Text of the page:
For example, if nursing is a career you’d like to pursue, you could look into a Bachelor of Science in Nursing. If you already earned some college credits and want to use them toward a degree, you could potentially enroll in Herzing University's Interdisciplinary Studies bachelor’s degree program. The program is designed for professionals who are looking to create their own unique career paths in healthcare, technology, business and public safety. 

For other careers, you might be able to advance your career by pursuing a certification. Every industry has its own approved certifications such as certifications for cybersecurity professionals in the IT industry. There are also post-masters certifications that professionals can choose to pursue. Always be sure to check what the requirements are for your new career.

4. Create a plan

Once you have determined the career you’d like to pursue, make a map of how you are going to reach your goal. There might be some setbacks along the way, but you will at least have an idea of how you can launch your new career. It will also help you recognize any gaps that you may have overlooked.

It is important to ask yourself important questions at this stage, such as:

  • How long will it take to start my new career?
  • How will my finances change?
  • Will I need to go back to school?
  • How can I get experience in my new career?
  • What do I need to do before I start my new career?

5. Find your personal brand

It helps if your personal brand and passion match your career goals. For example, if you are a nurse who primarily works with patients but would like to become a nurse educator, highlight your passion for learning and how you have taught other people in your professional and personal experience.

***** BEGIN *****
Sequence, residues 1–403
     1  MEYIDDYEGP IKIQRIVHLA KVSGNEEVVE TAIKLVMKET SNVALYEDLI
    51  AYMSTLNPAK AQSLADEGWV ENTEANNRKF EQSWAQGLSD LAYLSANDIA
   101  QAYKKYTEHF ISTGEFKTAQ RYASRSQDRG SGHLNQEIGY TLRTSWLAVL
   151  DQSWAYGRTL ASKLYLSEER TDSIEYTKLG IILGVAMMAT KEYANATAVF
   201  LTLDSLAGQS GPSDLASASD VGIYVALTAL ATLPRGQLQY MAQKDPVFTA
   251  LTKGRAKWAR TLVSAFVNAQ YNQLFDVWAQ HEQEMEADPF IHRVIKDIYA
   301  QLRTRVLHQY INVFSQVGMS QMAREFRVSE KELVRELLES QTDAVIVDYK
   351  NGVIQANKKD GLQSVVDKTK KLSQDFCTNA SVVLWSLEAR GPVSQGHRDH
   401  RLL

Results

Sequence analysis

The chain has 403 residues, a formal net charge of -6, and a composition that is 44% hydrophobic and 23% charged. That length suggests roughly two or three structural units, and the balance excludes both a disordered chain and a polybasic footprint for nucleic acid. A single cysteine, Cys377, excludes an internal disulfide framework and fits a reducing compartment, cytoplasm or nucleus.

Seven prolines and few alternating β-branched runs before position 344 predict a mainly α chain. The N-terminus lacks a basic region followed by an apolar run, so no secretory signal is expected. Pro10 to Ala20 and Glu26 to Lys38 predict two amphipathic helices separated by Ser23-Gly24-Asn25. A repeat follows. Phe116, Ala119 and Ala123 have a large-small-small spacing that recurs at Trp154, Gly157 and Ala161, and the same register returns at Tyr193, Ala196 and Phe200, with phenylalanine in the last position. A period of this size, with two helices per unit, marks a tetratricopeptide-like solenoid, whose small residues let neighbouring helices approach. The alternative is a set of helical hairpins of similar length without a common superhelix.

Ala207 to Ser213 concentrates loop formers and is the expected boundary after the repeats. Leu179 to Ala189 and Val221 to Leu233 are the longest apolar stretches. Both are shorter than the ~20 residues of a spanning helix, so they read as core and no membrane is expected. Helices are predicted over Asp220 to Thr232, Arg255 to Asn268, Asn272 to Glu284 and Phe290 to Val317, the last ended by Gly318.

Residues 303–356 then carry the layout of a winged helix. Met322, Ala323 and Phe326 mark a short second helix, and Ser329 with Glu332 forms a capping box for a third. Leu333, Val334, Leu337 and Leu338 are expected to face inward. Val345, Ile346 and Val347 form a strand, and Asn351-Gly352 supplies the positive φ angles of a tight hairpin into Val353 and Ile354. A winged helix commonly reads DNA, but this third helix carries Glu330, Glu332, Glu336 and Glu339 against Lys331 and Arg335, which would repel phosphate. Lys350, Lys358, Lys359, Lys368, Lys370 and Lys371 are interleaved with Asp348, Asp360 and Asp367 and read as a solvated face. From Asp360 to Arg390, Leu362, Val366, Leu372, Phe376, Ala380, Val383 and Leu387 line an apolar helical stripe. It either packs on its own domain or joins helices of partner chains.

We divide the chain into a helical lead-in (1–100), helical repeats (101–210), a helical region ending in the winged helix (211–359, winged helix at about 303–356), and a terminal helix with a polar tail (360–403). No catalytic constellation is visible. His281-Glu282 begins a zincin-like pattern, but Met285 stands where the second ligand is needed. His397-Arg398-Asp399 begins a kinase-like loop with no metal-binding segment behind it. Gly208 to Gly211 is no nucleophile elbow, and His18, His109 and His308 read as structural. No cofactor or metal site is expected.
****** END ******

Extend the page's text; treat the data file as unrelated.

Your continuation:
Your personal brand is how you stand out from other people in your industry when you apply for a job. What unique and valuable gifts can you bring to the role? Employers should be able to see what makes you stand out from other employees or applicants. You can highlight your previous experiences to show how they define you as a professional.

Changing careers will come with its ups and downs but it can also be an exciting experience. There are a few more things you should keep in mind:

  • Be patient. You did not start your original career overnight and most likely won’t be able to start your new career right away either. It will sometimes be discouraging, but it is important to keep your goal in mind.
  • Get support. No one can do this on their own! It is important to have a support group or a mentor that you can go to with your concerns and questions.
  • Stay confident. There will be days when you want to give up but have confidence that you will accomplish your goals!

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Bureau of Labor Statistics (BLS), U.S. Department of Labor, Occupational Outlook Handbook. Multiple factors, including prior experience, age, geography and degree field, affect career outcomes. Herzing does not guarantee a job, promotion, salary increase or other career growth. BLS estimates do not represent entry-level wages and/or salary.